We've done it before. We can do it again." And we'd go on. We had to begin taking a bit more walking breaks, but even though the crowd was thinner, those who were out , were extremely encouraging. "you're doing great! Keep going ! You've got this!" It was neat and here and there the push we needed.
At mile 25 we kicked it back up a little. When we turned the corner and could actually see the finish line, tears came. A few feet further, was my friend Kristen, who'd waited the entire race for us (with her husband , Doug). When I saw her along the gate, cheering us on like crazy, I really started to cry. Not only could I see the finish line, but I had some really close friends there. I was almost finished.
The emotions of the previous 4 months began to overtake me. I'd talked with my mom before she died about my doing a full marathon. "Mom-can you see me? I'm doing it!!!" My family sacrificed a lot of time for my long runs. (michael was scheduled to work, so he wasn't there.) "Honey-Thank you for all you sacrificed in this process." and to God-"I only did this with your strength. As you said in Isaaih 40:31-"You give strength to the weary, I will rise up on wings like eagle. I will run and not grow faint...." It held a lot of meaning. Mile 26 marker...there was Doug, screaming his encouragement at us. But my eyes weren't on Doug. I began literally sobbing as I found my husband at the 26.1 marker. He wasn't supposed to be there. And after all that the week had been, all that the race had taken out of me....there he was to cheer me on. I wasn't expecting him, and I cried for so many reasons when I saw him. He jumped out, kissed me,and I pulled him along...I had to finish and my muscles were telling me not to stop yet anyway. He followed me across the finish, embraced me, sweat and tears and all. we had finished!!!!!!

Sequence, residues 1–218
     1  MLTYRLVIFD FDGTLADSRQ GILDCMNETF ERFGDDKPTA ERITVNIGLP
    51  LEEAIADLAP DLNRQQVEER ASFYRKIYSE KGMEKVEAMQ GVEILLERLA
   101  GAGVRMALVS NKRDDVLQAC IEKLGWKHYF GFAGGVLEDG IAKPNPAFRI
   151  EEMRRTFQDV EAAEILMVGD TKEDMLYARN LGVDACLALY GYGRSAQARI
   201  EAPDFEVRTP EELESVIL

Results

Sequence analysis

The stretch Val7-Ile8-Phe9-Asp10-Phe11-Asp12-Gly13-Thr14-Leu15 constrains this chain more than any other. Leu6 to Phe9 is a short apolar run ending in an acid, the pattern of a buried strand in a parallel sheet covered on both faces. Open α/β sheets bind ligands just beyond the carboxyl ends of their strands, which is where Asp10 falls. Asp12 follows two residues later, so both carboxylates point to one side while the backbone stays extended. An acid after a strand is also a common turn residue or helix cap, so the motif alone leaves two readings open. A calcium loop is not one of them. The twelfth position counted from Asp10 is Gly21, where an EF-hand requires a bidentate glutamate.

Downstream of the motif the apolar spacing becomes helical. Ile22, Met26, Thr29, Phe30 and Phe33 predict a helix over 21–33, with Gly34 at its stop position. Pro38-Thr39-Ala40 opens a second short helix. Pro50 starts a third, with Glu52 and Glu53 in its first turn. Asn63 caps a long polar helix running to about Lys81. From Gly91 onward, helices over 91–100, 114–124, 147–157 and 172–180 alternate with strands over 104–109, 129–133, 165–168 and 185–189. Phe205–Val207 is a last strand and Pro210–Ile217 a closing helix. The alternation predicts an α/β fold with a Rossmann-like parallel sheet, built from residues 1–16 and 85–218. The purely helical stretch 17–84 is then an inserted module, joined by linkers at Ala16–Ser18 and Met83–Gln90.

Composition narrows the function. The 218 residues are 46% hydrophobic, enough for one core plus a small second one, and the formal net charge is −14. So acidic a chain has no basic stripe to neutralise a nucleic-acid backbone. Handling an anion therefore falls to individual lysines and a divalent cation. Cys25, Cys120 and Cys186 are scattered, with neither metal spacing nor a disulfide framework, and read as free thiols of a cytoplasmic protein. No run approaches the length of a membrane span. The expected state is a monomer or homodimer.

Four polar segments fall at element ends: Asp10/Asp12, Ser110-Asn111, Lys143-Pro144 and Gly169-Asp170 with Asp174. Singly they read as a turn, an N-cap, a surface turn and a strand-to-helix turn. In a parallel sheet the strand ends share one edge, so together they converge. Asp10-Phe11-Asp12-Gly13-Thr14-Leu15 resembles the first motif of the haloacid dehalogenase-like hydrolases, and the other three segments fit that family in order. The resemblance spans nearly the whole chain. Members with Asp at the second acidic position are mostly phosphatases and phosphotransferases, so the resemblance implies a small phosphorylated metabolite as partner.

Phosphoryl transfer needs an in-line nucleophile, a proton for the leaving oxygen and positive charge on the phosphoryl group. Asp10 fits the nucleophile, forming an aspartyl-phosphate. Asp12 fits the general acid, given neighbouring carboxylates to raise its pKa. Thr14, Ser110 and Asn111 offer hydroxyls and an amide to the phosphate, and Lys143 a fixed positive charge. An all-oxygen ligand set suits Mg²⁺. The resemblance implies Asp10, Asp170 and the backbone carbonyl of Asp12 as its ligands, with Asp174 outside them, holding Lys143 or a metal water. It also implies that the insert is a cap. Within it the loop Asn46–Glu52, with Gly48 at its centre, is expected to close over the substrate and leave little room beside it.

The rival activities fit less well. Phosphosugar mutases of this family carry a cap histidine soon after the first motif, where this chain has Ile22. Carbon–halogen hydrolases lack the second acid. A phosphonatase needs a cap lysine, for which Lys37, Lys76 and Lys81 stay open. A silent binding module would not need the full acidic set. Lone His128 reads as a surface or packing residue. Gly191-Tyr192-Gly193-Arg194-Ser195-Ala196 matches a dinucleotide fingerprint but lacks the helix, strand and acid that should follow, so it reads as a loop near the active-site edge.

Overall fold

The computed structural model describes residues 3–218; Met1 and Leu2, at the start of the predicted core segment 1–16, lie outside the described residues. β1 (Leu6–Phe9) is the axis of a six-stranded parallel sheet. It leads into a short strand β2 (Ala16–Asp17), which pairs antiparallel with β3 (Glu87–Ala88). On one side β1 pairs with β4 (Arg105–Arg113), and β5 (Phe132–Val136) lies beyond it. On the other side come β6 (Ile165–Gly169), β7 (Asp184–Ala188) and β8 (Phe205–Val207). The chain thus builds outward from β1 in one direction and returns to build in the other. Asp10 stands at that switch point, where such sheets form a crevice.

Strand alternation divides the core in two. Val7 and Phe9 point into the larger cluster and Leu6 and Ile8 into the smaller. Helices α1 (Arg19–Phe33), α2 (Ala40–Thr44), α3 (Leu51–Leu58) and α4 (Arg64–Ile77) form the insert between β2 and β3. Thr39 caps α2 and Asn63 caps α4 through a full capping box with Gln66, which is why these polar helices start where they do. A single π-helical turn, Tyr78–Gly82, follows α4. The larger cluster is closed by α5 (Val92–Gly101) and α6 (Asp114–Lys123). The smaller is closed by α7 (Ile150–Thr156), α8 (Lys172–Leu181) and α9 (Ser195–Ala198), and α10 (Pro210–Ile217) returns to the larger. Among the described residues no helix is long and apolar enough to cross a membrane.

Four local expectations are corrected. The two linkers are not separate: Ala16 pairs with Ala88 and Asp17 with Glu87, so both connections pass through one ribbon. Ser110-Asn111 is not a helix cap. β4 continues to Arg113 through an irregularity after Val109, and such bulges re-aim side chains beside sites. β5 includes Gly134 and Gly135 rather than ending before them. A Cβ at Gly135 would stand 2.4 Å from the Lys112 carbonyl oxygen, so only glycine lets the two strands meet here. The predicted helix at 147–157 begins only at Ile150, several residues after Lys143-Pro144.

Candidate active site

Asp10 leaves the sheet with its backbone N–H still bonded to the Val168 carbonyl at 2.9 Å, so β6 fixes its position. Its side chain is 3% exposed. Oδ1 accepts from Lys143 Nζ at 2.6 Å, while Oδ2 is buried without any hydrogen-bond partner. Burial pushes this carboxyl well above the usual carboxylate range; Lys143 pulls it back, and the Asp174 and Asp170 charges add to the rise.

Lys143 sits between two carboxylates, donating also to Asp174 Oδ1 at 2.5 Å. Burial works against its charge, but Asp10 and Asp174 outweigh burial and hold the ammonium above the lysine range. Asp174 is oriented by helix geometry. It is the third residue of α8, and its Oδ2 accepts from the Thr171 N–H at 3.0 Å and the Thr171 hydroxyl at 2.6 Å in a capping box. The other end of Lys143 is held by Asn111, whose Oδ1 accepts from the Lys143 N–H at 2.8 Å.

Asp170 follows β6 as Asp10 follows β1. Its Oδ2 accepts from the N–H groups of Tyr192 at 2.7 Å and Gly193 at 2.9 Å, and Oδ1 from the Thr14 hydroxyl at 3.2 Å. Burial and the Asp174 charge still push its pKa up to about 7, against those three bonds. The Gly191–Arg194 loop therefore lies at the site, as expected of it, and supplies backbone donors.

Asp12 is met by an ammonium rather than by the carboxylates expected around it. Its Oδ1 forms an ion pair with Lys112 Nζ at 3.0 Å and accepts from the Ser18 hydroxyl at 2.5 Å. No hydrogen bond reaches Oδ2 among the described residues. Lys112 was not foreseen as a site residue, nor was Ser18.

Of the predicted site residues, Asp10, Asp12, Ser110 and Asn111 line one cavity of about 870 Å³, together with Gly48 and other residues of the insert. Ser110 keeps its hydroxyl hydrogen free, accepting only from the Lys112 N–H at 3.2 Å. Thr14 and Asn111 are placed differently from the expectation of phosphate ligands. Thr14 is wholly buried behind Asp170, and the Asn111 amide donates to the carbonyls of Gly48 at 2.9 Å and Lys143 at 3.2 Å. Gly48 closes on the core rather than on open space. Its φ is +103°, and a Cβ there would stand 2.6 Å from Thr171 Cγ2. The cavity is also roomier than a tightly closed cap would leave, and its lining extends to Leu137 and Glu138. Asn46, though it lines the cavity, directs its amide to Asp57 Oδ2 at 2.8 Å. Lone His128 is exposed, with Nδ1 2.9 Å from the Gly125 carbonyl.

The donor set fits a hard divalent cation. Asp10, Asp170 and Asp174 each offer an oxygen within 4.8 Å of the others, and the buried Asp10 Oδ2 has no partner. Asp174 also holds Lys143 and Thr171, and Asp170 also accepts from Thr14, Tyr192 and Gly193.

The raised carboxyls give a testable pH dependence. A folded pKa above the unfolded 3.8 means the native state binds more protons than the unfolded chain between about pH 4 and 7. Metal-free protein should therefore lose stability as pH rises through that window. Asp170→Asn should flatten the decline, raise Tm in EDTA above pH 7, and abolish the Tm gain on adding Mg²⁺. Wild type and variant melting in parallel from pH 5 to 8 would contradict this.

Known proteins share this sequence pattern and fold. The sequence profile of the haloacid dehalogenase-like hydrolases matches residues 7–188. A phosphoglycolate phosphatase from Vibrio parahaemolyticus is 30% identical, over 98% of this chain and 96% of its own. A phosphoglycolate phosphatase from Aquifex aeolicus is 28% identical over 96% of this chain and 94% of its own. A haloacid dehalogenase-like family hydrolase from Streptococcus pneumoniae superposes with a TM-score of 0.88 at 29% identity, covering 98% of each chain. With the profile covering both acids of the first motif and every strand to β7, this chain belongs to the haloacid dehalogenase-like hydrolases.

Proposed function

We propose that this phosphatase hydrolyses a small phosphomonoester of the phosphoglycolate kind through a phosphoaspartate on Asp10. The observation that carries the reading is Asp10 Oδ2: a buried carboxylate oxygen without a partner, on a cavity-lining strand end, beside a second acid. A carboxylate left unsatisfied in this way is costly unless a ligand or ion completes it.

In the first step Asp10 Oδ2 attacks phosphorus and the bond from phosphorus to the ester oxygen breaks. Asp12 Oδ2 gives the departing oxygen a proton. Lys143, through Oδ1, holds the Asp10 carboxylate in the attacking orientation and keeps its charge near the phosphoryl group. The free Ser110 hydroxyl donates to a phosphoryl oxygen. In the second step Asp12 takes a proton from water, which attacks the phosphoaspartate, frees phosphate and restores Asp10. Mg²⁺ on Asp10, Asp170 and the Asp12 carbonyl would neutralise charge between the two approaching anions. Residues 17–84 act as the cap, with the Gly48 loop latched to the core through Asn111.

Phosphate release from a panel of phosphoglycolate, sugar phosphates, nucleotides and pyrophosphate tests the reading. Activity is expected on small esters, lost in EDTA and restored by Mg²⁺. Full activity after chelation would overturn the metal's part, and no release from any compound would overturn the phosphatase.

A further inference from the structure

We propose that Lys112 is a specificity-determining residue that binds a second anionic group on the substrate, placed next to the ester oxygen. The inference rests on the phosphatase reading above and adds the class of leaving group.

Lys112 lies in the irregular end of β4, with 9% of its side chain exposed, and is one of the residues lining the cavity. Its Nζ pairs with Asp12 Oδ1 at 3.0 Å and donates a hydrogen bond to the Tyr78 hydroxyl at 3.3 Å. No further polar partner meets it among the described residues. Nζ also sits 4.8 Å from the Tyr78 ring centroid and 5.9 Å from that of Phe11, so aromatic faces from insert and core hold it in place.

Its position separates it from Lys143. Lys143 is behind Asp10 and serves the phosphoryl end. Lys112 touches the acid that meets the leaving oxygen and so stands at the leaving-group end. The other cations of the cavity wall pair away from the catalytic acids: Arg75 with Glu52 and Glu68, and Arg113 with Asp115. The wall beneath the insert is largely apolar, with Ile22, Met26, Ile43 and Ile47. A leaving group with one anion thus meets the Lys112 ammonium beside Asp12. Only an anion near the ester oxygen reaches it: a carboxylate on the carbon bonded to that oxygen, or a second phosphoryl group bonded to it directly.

26.2 done. This year she and I both turn 30, and I said we should do this every decade to celebrate. It was an incredible experience. Mindy also had her own cheering section there , who she went and met, while MIchael and I embraced and cried and I stretched and cooled down. Here are a few pictures.
Top: 4 am. Ready to go.
Below: Me finishing the last .1, dragging Michael with me.